The Food and Drug Administration has evaluated the effectiveness of its youth anti-smoking campaign. Short answer: it worked!
Researchers from the government agency and nonprofit RTI have found that awareness campaign The Real Cost prevented between 380,000 and 587,000 teens from starting to smoke, according to the study published in the American Journal of Preventive Medicine.
The organizations questioned teens about their awareness of the campaign, media market exposure and whether they smoke. In a series of five surveys, the research found that teens who either live in a media market with more campaign ads or who self-reported seeing the push had a lower risk of starting smoking.
The FDA estimated that The Real Cost reached 95% of its target audience, youth ages 12 to 17. About 21.9 million people from that cohort have visited The Real Cost’s website and 31.6 million have engaged with the FDA on social media, the agency said in a statement.
A 2018 FDA survey found that 20% of high schoolers currently use e-cigarettes, a 78% increase from the previous year. That’s about 3.6 million high schoolers using e-cigarettes. To compare, about 8% of teens used only cigarettes and 5.9% used smokeless tobacco like dip, according to the survey.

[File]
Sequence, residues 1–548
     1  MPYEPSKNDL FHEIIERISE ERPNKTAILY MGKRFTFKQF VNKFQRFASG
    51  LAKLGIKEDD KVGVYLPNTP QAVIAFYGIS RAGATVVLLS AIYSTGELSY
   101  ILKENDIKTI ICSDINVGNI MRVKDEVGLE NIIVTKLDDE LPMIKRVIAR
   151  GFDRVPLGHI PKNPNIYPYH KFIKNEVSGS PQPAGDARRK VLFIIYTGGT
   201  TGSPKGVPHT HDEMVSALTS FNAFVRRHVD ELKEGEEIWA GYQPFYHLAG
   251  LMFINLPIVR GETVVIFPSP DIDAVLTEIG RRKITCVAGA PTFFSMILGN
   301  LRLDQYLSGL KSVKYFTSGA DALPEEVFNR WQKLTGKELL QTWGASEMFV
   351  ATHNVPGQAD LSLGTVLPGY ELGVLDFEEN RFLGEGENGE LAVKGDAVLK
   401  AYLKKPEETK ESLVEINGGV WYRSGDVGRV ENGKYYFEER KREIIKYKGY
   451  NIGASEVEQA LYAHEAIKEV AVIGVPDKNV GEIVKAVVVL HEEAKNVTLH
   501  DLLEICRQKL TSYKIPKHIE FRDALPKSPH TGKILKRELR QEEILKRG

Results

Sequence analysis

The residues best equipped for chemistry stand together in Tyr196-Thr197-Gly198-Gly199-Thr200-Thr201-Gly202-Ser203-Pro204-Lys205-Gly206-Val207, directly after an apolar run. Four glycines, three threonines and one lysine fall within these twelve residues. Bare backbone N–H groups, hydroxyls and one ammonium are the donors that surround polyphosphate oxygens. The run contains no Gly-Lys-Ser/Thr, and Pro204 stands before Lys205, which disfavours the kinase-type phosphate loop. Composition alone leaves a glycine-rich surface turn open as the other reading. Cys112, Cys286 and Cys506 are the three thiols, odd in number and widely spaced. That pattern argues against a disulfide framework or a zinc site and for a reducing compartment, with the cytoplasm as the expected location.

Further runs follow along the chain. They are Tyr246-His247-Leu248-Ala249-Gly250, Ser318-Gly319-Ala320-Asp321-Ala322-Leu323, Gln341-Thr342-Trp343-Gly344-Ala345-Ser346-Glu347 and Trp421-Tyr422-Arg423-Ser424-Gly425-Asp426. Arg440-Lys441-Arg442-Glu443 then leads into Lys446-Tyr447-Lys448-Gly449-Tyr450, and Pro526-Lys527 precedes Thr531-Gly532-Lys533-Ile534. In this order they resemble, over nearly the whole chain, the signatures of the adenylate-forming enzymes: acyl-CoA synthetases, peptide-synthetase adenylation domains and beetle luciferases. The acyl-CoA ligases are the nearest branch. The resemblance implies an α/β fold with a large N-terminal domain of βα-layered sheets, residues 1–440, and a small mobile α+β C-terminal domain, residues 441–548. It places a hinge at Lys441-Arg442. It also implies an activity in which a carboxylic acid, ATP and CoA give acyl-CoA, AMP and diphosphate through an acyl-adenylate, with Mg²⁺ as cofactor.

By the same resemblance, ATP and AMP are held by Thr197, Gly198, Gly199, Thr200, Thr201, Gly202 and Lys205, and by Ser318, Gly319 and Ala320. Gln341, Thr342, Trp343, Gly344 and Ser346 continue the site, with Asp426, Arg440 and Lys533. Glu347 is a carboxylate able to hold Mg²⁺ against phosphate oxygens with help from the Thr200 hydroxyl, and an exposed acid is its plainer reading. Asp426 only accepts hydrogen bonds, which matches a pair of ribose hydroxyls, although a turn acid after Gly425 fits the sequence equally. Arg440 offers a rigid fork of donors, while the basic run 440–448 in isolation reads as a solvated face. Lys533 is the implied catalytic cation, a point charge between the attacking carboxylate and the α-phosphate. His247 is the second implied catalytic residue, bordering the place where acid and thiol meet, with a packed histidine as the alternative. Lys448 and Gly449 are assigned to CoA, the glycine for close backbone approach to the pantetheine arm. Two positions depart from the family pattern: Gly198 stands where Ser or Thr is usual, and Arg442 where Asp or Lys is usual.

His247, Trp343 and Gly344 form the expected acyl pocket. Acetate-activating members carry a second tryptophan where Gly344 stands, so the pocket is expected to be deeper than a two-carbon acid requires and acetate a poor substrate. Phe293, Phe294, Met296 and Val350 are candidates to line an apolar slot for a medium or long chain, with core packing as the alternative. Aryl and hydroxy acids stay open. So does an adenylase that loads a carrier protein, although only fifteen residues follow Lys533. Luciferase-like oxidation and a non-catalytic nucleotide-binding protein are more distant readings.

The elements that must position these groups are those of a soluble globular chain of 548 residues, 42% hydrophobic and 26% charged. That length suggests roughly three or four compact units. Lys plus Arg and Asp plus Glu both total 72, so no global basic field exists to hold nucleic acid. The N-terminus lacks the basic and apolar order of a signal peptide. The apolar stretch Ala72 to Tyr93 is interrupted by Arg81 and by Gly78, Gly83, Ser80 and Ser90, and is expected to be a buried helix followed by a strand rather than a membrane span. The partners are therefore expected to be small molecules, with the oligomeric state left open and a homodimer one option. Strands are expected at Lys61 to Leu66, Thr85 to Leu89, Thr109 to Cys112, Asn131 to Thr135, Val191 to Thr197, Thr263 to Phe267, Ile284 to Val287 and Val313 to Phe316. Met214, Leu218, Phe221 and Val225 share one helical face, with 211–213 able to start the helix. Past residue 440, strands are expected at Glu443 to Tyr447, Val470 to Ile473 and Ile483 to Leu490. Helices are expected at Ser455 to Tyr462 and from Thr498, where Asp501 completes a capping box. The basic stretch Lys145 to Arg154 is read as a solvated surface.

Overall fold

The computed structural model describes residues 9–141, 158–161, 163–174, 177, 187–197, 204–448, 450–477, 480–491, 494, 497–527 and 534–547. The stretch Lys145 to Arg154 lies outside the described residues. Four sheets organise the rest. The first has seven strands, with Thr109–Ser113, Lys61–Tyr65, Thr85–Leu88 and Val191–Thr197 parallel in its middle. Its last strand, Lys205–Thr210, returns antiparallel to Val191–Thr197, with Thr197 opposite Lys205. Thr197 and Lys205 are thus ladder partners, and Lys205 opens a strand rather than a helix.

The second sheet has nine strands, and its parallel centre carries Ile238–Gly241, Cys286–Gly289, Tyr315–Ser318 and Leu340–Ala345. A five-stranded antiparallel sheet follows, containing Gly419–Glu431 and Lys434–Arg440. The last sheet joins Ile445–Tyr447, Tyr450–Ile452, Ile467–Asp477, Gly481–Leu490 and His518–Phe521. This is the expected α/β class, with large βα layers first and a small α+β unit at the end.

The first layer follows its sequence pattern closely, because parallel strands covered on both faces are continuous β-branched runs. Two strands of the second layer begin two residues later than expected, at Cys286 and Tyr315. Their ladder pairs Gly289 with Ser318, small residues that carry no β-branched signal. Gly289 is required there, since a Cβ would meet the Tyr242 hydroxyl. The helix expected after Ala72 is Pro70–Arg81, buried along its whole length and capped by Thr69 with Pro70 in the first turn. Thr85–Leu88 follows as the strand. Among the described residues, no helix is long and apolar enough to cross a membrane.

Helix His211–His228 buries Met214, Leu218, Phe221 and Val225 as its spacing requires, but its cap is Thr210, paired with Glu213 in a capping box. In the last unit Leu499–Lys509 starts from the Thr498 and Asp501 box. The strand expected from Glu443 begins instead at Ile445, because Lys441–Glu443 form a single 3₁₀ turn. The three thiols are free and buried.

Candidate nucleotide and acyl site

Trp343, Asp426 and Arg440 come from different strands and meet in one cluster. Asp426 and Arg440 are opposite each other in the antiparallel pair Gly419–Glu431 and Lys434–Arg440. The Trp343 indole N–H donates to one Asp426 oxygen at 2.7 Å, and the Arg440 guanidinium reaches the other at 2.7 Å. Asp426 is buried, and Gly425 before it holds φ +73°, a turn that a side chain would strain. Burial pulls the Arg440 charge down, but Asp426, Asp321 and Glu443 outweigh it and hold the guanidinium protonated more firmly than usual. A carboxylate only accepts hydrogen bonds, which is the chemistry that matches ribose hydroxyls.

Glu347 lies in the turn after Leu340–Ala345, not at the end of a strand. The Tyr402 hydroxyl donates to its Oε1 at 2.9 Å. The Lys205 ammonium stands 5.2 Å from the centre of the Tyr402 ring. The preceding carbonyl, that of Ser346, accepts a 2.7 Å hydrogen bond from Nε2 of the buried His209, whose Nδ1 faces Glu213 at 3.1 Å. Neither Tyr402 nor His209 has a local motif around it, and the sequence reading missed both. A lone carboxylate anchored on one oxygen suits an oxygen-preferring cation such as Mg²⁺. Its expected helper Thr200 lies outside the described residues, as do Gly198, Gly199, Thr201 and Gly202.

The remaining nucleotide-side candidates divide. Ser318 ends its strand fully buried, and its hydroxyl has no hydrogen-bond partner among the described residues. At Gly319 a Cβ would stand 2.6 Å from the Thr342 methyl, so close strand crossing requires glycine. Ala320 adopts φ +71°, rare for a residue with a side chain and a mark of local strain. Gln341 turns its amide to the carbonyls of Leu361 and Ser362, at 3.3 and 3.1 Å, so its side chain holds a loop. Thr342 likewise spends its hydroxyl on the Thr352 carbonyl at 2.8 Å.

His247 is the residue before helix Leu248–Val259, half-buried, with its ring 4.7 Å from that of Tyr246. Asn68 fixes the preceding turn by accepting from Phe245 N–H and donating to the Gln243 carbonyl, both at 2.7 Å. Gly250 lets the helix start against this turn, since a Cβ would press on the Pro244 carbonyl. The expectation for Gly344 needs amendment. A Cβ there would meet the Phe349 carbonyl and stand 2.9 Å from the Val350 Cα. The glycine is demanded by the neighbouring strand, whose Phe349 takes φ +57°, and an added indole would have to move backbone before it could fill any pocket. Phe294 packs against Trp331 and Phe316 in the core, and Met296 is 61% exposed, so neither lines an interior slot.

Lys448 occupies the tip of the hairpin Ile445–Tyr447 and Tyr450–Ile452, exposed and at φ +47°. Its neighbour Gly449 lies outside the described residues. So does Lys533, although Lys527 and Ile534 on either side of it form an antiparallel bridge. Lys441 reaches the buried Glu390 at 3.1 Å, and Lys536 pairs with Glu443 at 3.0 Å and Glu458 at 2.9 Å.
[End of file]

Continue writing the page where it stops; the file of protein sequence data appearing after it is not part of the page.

The study examined the first two years-plus of The Real Cost, from its launch in February 2014 to November 2016, a period when the campaign was focused on cigarettes and smokeless tobacco. The initiative was expanded this year to include messages specific to e-cigarettes and vaping.
In July, the FDA launched the first TV ads for The Real Cost focused on vaping. The ads feature street magician Julius Dein turning unsuspecting teens’ vapes into cigarettes, with the message that they are more likely to transition to traditional smoking. The ads appear on networks such as TeenNick, CW, ESPN and MTV along with music-streaming websites and social networks.
Although this study didn’t examine the vaping portion of the campaign, it suggests that portion of the push could also have a wide reach and prevent teens from picking up the e-cigarette habit.
“These efforts are yielding tremendous results that are benefitting our nation’s youth and society as a whole and are being carried over into our work to educate youth about the dangers of e-cigarette use,” said acting FDA Commissioner Ned Sharpless, in a statement.